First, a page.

Archaeologists in Denmark have discovered the site of a “barbarian” war ritual after recovering 2,095 human bones that had been hidden away in peat sediment for the past 2,000 years. The bones were found very close to Lake Mossø on a site known as Alken Enge, which is located along the Jutland Peninsula.
When scientists examined the human remains at the site, it was found that all of the individuals would have been males who were still quite young at the time of their deaths, and that all of these males died at the same time at some point after the start of the 1st century AD, according to National Geographic.
From the large number of wounds on these individuals that never healed, along with the presence of many weapons like swords, knives, shields and spears, archaeologists believe that this location was once the battleground of a fierce fight between different Germanic tribes, individuals that some in the Roman Empire deemed as “wild and savage barbarians.”
While it could certainly be said that these German barbarians helped to dismantle the Roman Empire, this would have been many centuries after the fight in Denmark would have taken place. In fact, before the year 200 AD, archaeologists have never really found anything resembling a Germanic battlefield of this kind before, which is just one of the many reasons that the find is so very amazing.
The find has challenged archaeologists to rethink the estimated size of armies in Iron Age Europe https://t.co/CFmfcrkIvA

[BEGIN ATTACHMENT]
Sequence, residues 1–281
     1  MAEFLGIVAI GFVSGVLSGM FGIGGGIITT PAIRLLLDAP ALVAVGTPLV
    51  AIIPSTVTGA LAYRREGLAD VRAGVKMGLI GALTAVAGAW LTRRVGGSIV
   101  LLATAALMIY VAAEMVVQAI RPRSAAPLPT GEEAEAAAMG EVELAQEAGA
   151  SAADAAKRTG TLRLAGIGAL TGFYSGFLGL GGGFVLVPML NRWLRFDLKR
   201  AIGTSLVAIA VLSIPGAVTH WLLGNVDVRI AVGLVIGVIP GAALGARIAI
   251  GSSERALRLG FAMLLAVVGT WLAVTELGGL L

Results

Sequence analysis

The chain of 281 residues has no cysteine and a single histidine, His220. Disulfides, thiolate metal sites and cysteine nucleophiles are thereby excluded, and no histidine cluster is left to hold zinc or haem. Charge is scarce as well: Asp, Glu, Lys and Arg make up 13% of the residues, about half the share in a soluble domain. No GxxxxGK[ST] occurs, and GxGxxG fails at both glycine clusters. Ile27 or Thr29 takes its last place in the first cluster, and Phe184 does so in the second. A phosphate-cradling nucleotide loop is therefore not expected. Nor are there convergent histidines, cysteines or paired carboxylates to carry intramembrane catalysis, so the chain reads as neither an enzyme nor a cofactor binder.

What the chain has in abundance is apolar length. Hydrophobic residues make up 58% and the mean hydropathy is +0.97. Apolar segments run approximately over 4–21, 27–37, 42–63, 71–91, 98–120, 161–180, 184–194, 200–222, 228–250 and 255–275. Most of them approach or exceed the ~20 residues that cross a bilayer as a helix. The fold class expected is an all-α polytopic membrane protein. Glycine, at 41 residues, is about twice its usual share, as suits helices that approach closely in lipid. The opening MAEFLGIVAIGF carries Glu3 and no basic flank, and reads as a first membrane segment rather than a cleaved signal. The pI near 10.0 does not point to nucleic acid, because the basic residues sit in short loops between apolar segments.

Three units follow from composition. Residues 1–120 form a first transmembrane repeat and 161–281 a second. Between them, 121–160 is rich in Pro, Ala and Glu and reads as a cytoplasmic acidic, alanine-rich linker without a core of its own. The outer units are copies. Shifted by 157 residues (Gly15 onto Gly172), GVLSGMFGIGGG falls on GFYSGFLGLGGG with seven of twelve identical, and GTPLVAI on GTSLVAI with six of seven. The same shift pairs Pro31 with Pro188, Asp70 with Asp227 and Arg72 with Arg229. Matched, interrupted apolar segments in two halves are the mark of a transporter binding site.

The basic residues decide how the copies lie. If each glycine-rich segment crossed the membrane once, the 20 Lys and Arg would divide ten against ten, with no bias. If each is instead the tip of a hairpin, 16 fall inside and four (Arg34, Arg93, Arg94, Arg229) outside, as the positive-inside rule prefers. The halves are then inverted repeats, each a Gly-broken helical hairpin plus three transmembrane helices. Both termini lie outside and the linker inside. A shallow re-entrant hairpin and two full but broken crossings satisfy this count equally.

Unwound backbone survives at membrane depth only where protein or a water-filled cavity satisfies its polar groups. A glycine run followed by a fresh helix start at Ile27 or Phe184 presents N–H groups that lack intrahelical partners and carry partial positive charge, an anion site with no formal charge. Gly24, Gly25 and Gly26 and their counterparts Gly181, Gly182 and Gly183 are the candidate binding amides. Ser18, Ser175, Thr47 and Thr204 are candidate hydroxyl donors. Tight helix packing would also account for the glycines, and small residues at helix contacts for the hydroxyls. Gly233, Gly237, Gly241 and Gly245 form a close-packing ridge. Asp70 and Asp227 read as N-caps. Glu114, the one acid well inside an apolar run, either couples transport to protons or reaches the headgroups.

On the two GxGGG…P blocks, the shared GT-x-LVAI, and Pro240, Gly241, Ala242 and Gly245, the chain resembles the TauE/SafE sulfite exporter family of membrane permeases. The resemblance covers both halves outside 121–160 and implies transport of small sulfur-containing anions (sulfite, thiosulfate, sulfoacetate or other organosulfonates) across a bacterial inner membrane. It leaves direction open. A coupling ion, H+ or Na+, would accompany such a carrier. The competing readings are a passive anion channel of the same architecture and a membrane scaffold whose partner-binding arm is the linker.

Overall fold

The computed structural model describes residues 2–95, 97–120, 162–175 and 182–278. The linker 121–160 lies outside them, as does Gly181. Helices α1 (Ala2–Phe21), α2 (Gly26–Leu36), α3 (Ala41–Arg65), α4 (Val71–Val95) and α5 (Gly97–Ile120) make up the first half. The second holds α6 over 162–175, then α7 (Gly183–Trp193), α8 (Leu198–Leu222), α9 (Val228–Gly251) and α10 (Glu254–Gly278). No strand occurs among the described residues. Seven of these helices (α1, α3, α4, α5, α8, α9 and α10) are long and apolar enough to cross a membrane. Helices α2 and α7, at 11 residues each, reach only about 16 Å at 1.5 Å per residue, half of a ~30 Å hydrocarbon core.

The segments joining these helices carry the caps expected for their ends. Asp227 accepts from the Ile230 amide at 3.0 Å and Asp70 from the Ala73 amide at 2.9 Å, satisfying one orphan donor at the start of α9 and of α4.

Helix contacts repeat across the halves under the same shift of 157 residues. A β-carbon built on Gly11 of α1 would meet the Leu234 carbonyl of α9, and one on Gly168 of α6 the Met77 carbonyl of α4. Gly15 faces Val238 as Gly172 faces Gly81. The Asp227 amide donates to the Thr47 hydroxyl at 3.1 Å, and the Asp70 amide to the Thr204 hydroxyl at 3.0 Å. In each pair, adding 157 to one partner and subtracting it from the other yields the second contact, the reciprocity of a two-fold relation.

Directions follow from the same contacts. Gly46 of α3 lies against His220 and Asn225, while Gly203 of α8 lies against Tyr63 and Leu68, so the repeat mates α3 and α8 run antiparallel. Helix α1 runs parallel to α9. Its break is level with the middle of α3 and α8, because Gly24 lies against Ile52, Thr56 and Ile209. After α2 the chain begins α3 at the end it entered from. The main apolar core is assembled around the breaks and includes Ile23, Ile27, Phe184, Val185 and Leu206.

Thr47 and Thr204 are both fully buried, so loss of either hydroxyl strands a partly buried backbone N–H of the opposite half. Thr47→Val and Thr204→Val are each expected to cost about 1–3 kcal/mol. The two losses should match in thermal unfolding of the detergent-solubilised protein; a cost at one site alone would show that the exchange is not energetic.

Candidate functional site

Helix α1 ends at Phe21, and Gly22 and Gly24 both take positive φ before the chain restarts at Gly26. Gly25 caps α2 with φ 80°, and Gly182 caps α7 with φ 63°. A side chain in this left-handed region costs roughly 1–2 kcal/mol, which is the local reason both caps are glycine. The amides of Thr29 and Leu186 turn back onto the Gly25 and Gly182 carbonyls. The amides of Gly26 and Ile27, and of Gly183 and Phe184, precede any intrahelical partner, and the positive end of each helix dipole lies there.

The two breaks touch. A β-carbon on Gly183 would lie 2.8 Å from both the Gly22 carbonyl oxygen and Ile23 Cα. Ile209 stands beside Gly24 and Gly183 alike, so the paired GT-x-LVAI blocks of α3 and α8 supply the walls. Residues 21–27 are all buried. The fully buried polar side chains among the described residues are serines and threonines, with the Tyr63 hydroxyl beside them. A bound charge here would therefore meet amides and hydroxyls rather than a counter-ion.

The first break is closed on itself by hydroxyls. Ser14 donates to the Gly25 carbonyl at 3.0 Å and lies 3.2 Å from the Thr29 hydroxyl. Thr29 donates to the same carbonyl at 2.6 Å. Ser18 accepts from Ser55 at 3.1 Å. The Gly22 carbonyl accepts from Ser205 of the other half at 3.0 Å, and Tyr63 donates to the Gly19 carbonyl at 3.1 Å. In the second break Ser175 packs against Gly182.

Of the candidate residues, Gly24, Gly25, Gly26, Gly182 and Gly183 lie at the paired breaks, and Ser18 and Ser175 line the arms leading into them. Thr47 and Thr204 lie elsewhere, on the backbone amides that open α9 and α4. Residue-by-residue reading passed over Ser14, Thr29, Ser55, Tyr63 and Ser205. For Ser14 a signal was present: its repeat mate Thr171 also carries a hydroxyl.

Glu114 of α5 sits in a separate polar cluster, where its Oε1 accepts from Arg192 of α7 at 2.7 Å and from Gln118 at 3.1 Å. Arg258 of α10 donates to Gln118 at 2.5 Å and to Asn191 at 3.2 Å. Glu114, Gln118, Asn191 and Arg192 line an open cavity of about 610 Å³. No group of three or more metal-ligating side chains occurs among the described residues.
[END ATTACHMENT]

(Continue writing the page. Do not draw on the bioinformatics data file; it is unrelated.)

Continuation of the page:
— National Geographic (@NatGeo) May 21, 2018
The human bones that were found in Denmark were originally discovered between the years 2009 and 2014 over a space of 75 hectares, and while the bones were found to have belonged to 82 individuals, archaeologists believe that at least 380 men may have perished on this Germanic battlefield.
What this shows archaeologists is that this fight must have been of extreme importance to those involved if that many men were engaged in battle. When looking at bodies found in the Hjortspring Mose bog, for instance, only around 80 to 100 people were found here, as ScienceAlert report.
While the battle of the “barbarians” wasn’t fought around the lake, archaeologists believe the location was used as the perfect spot to deposit the human bones after rituals had been conducted on them, according to their research.
“The animal tooth marks show that the bones were exposed to scavenging animals for a period of 0.5-1 years, during which time the human remains must have become at least partly skeletonized. The assemblages of bones and the four ossa coxae threaded on a stick demonstrate that the remains of the combatants were deliberately collected at a time when the bones were largely skeletonized. Alken Enge provides unequivocal evidence that the people in Northern Germania had systematic and deliberate ways of clearing battlefields. Practices of corporeal dismemberment, modification, and bone assemblage composition suggest a ritual dimension in the treatment of the human corporeal remains.”
The fascinating new study on the discovery of the ‘barbarian’ bones that were found in Denmark can be read in the journal PNAS.